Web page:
When Hawaii seemed poised to be the first state in the Union to permit same-sex marriage in the 1990s, Congress passed the Defense of Marriage Act (DOMA). DOMA provides that states need not recognize same-sex marriages (or judgments in connection with such marriages) performed in sister states. Though many scholars have argued that DOMA exceeded Congress’s powers, controversies concerning DOMA’s provisions have not yet appeared in the courts because Hawaii did not ultimately legalize same-sex marriage. Claims of DOMA’s unconstitutionality have intensified following the Supreme Court’s recent opinion in Lawrence v. Texas, which struck down state laws that criminalized sodomy. And now that Massachusetts has become the first jurisdiction in the United States to solemnize same-sex marriages, the scenarios DOMA sought to address will certainly arise. Accordingly, this is an opportune time to revisit the question of DOMA’s constitutionality.
This Article argues that DOMA is not unconstitutional—at least not yet. First, the Article shows that Lawrence did not invalidate DOMA. Although Lawrence equipped gay rights activists with some new constitutional principles, the opinion embraces other concepts that opponents of same-sex marriage can deploy. A careful study of the opinion reveals that the Court participated in the ongoing society-wide dialogue concerning gay rights but deliberately left undecided the constitutional status of same-sex marriage. This is a good thing, for there are many benefits to allowing a wide-ranging societal debate to continue and also numerous dangers to the Court ruling prematurely on issues about which citizens are deeply divided and with respect to which societal norms are in a state of flux.
This Article then debunks the many argument scholars proffered even before Lawrence that DOMA unconstitutionally exceeded Congress’s authority. Claims that DOMA violates state sovereignty by interfering with a family-law subject are premised on a mischaracterization of DOMA—the statue does not regulate family law but serves the quintessentially federal function of determining the extraterritorial effect of state law. Arguments that DOMA undermines full faith and credit’s fundamental principle of unifying the country overlook a second animating principle behind full faith and credit with which DOMA is fully consistent: the preservation of meaningfully empowered states. Further, while scholarly critiques have assumed that DOMA authorizes states to deviate from Supreme Court precedent regarding the enforcement of judgments, this Article shows that DOMA actually fills a gap in the Court’s jurisprudence in a manner consistent with precedent. Even if DOMA were inconsistent with Supreme Court precedent, it would still not be unconstitutional, because Congress has authority to legislate full faith and credit rules that vary from those identified in Supreme Court opinions.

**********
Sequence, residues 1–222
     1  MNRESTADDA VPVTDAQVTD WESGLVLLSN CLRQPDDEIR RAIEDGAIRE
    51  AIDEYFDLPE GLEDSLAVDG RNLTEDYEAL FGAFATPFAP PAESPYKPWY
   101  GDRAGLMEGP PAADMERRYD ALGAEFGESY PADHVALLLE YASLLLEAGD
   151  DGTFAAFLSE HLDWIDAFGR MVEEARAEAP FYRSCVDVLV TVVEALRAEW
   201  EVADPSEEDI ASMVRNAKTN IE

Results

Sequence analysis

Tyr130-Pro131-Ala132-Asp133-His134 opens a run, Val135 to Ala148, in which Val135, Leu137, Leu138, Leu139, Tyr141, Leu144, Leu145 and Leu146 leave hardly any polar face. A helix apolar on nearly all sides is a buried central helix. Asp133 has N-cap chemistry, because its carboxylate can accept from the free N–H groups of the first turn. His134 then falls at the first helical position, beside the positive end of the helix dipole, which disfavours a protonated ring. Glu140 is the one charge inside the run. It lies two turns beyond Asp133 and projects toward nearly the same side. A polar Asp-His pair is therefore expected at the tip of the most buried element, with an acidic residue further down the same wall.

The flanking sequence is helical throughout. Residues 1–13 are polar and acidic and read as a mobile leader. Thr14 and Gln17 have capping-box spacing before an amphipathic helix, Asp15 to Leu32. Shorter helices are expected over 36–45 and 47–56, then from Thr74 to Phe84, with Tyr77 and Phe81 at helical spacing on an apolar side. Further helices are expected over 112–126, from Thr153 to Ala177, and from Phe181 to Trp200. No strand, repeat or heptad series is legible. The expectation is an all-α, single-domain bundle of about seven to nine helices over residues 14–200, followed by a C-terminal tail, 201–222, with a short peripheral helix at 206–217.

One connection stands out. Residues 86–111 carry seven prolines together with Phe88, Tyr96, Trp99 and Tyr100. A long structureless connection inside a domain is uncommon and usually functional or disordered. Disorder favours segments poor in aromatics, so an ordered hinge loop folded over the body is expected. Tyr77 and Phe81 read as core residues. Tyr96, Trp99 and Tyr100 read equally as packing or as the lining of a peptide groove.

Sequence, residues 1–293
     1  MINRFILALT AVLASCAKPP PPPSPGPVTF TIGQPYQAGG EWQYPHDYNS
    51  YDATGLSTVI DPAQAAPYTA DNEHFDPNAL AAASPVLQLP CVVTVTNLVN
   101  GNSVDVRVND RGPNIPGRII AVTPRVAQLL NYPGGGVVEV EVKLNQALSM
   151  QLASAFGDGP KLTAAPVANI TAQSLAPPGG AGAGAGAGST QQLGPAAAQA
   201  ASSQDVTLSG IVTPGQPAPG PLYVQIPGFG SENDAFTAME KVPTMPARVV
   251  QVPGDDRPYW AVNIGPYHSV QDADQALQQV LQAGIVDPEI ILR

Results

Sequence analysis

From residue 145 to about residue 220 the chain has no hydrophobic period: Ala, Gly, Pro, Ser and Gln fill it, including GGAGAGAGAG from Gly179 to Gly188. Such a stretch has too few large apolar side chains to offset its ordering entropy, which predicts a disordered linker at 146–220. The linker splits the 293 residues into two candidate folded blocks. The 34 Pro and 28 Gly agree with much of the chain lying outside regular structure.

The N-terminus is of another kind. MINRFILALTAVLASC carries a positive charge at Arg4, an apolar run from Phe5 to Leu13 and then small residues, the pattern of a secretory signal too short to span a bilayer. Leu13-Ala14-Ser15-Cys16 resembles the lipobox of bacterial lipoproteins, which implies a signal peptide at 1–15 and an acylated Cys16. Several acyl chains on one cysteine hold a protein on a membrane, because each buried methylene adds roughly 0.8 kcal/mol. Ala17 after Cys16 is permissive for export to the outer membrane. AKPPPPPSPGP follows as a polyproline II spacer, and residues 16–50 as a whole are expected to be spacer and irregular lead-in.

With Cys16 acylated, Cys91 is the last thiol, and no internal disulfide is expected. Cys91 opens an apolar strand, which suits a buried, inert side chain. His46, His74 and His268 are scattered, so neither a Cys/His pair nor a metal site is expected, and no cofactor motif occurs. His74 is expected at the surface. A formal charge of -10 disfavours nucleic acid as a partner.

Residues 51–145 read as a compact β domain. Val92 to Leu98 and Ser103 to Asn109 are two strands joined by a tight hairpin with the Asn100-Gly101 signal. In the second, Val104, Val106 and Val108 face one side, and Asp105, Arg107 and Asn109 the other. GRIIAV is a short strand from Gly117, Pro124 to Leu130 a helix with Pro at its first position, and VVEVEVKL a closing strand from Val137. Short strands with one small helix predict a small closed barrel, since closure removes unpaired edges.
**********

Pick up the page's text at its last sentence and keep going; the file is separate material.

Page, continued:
DOMA is best understood as congressional participation in the process of defining our country’s constitutional culture. The Court has not yet decided the constitutionality of same-sex marriage, and DOMA reflects the political branches’ contribution, by means of the institutional tools at their disposal, to the process of deciding how America should deal with the incidents of gay life. DOMA’s actual effects on constitutional culture remain to be seen: will it shape societal views, prompt angry opposition, or something else? Certainly, until the Supreme Court takes a definitive position, and perhaps even after, other societal actors (including states and citizens themselves) are entitled to react to Congress’s views on same-sex marriage and thereby participate in the ongoing development of American constitutional culture.